Vlade Divac: Kings hired ‘probably the best coach out there’ in Dave Joerger
SACRAMENTO, Calif. -- Vlade Divac’s first coaching search as general manager of the Sacramento Kings was methodical. He talked to about a dozen candidates over several weeks and was ready to bring in three finalists for a second interview before settling on a pick.
That all changed when Memphis fired Dave Joerger on Saturday and a plodding search moved into warp speed. The Kings flew Joerger and his family to Sacramento on Sunday, hired him as coach a day later and introduced him at a news conference on Tuesday.
“We got probably the best coach out there,” Divac said. “I’m happy with the process. If I did it overnight or I did it fast, we’d probably end up without Dave. We took the time, talked to a lot of candidates and had the opportunity to talk to Dave, too.”
Joerger described the two days between getting the news of his firing in Memphis while in the parking lot at a track meet for his daughters to taking over a new organization halfway across the country as a whirlwind.
“It’s certainly been a wild couple of days,” Joerger said. “Bang-bang, it was a quick turnaround. We got out here as fast as we could.”
Now it’s time for Joerger to get to work hiring a staff, building relationships with the front office and players and heading to the draft combine in Chicago.
Joerger said he had already talked to players like Rudy Gay and Kosta Koufos whom he had coached before in Memphis and planned to talk later Tuesday with star DeMarcus Cousins, whose rough relationship with former coach George Karl contributed to this latest coaching change.
Joerger will be the ninth coach in Sacramento since the team last went to the playoffs in 2006 in the final season under Rick Adelman. But instead of fretting about the instability, he sees reason for optimism with a roster that includes players like Cousins, Gay, Willie Cauley-Stein and Darren Collison, a new downtown arena that opens next season and a front office headed by owner Vivek Ranadive and Divac.
“The team is on the rise,” Joerger said. “There’s still some heavy lifting to do but some of the heavy lifting has been done. This is not a blow up, let’s start over situation. We’re on the road to recovery.”
The Kings have the second-longest playoff drought in the NBA and more losses over the past 10 seasons than any franchise other than Minnesota. A rotating cast of coaches has overseen these struggles: Eric Musselman, Reggie Theus, Kenny Natt, Paul Westphal, Keith Smart, Michael Malone, Tyrone Corbin and Karl.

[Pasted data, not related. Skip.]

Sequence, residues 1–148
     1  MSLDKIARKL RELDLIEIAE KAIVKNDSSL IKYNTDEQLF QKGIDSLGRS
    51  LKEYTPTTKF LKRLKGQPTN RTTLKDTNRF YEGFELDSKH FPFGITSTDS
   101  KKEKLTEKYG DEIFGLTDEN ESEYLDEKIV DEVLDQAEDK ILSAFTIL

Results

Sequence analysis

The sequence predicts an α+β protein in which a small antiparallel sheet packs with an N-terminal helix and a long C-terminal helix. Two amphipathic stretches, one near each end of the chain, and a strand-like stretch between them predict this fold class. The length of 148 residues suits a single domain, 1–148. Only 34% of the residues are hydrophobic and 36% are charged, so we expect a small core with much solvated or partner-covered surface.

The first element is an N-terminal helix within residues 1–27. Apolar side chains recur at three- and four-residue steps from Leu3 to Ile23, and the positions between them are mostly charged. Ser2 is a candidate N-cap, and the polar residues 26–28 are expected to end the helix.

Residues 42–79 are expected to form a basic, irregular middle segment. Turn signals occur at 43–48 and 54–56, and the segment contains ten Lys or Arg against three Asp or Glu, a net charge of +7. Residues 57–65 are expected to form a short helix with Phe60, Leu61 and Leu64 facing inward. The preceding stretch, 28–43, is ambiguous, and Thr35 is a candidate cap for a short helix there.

Karl went 44-68 in one-plus season but had frequent run-ins with Cousins and was at odds at times with Divac, who was hired as general manager after Karl took over as coach in February 2015.
With Divac hiring Joerger, he is confident that the coach-general manager relationship will be strong. Divac also believes Joerger can get the best out of Cousins, who is one of the most talented big men in the league with averages last season of 26.9 points and 11.5 rebounds per game but he was also suspended by the team for lashing out at Karl.
“It will be players, coach, front office on the same page. It will be a good environment,” Divac said. “I have no doubt DeMarcus will be on the same page. He’s our leader and our franchise player.”
Joerger also comes from a situation that was somewhat unstable. He was promoted from assistant after Lionel Hollins took the team to the conference final in 2013. Joerger went 147-99 in three seasons with the Grizzlies and took them to the playoffs each year. He led the injury-ravaged team to 42 wins this season, pushing them to the playoffs, where they were swept by the San Antonio Spurs in the first round.
Despite the success he achieved with the Grizzlies, he never was able to get on the same page with Memphis owner Robert Pera. The situation grew so strained that Joerger interviewed for the open Minnesota Timberwolves job two summers ago before ultimately staying in Memphis.
He expects a healthier relationship in Sacramento.
“The coach and the general manager are absolutely on the same team going forward like this,” he said. “There aren’t going to be any cracks. You’re not going to hear Vlade say something about me or me say something about Vlade. That’s not going to happen.”